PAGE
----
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Economic Impacts of Population Aging in

Japan
Executive Summary
Landis MacKellar
with
Tatiana Ermolieva
David Horlacher
Leslie Mayhew
Introduction
The population of Japan is now declining, and the ratio of persons in the prime
working ages to persons who are elderly will inexorably rise over the next halfcentury. Thirty years ago, the view was widely held that rapid population growth and
the resulting young age structure would prevent developing countries from ever rising
above poverty. As that view gave way to a more nuanced interpretation of the effects
of population growth, paradoxically, the view took hold that the reverse demographic
situation -- population decline and an elderly population -- implied catastrophe for
rapidly aging developed countries such as Japan. This report is an attempt to assess
the economic impacts of foreseeable demographic trends on Japan.
Report summary
The first chapter of the report, a general synthesis of the economics of
population aging, emphasizes that aging does not hit a society as a meteorite hits an
inert planet. Even without taking into account institutional and social change, the
traditional static neoclassical model of the economy suggests that there is a wealth of
possibilities for adapting to the challenge of aging. Just as a neoclassical view would
hold that rapid population growth need not mire developing countries in poverty, so
does it suggest that population aging need not, as some have suggested, bankrupt the
advanced industrial economies of the world. However, shifting factor prices as the
working-age population declines and the rising cost of pension and health systems as
the ranks of the elderly expand will give rise to intergenerational distributional
pressures needing to be worked out through the political process. The evidence
suggests that young people in the U.S., Europe and Japan (and eventually in China
and the more rapidly aging developing countries) will probably have to pay higher
taxes and social contributions (out of higher incomes), old people are going to have to
work longer (at better jobs), and retirees are going to have to get by on pensions lower
than they expected.
What are policy makers degrees of freedom? Based on a general survey of
industrial countries,

Policy makers can reduce the distortionary features of public pension systems
that encourage workers to retire early. They often fail to do so because they
are reluctant to forego redistribution, meaning that they cannot muster the
necessary political support. In Western Europe, some have also fallen prey to
the fallacy that excluding older workers from the labour force will increase the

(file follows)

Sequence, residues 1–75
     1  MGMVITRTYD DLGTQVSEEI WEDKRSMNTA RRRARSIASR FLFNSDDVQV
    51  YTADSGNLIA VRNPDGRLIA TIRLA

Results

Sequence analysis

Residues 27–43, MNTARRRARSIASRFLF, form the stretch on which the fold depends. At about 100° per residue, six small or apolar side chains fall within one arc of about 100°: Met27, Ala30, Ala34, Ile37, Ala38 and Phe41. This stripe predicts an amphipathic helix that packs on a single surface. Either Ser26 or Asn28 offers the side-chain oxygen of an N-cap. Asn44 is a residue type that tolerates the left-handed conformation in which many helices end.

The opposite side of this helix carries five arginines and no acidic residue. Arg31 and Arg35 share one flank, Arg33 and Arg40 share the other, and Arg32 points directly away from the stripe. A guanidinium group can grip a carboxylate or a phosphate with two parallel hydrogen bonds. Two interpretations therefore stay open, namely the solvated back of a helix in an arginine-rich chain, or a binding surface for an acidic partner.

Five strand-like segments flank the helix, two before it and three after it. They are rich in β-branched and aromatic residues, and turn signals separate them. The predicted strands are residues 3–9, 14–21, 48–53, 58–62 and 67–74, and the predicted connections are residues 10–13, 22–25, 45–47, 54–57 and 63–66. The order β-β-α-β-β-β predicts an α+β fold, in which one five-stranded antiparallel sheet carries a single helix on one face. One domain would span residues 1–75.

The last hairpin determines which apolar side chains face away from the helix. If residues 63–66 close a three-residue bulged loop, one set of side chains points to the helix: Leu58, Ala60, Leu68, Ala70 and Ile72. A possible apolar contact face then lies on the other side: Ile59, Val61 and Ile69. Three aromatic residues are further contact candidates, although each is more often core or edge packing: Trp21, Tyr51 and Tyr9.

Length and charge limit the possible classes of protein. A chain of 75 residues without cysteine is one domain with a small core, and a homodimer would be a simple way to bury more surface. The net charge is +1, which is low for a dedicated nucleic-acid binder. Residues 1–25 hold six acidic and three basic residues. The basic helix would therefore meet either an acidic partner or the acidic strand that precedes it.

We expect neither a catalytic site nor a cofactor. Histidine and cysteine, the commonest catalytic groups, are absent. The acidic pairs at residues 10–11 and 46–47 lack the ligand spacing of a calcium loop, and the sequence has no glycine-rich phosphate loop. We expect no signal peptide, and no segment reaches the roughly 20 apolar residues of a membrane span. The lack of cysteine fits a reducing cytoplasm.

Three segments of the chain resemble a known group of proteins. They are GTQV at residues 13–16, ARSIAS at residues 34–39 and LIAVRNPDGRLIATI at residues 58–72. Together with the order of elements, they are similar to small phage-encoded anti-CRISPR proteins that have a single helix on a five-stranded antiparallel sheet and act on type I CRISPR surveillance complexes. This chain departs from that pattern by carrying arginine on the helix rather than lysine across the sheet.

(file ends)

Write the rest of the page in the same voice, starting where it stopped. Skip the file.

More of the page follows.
employment of younger workers. However, firm retirement provisions are
much more important than public pension retirement provisions in determining
age of exit from the labour force. And in Japan, account must be taken of the
fact that the labour force participation rate of elderly workers, while it has
declined over time, is by far the highest among industrialised nations.

There is relatively little that the state can do to mobilize savings except for
engaging in the requisite saving itself. Raising taxes worsens distortions and
multiplies deadweight costs, so the only road to greater public savings, short
of sustained rapid economic growth, is cutting public expenditure. Voters
appear to be unenthusiastic. Perhaps it does not really matter: in an aging
world, savings and investment may be overrated because labour force growth
will be slow. Others, however, would reply that the "new economy" places a
greater premium than ever on investment in new technology.

While demographic conditions indicate that there would be gains to a


transition from Pay as You Go (PAYG) to capital reserve financing, the
political chances of this occurring are slim. The best to be hoped for in most
countries is the allocation of some small fraction of social security
contributions to a capital reserve and modestly increased role of private
savings. Moreover, all pension systems are PAYG in the broad sense that
goods must be transferred from young producers to elderly consumers.
Whatever the precise nature of the claim created for the elderly, it needs to be
financed by reduced consumption of the non-elderly. The relevant question is
whether the means of financing elderly persons claim on output, be this
public pension entitlements, personal assets, etc., gives rise to distortions and
inefficiencies.

Superior global allocation of retirement saving portfolios can only add a few
basis points to the risk-adjusted rate of return. Moreover, the beneficiaries in
industrial countries are those who are relatively well off; the poor who depend
on labour income when young and public pensions when old are unambiguous
losers when capital is re-allocated from mature to emerging economies.

Given the pace at which beneficial new tests and treatments emerge, none of
the proposed avenues for reducing health care expenditure appears particularly
promising. Governments can moderate expenditure growth, but need to keep
in mind that, in an aging society, health care is deservedly a priority sector.

The sooner policy makers act to anticipate the adverse effects of aging with
the means at their disposal, the better. However, population aging will have pervasive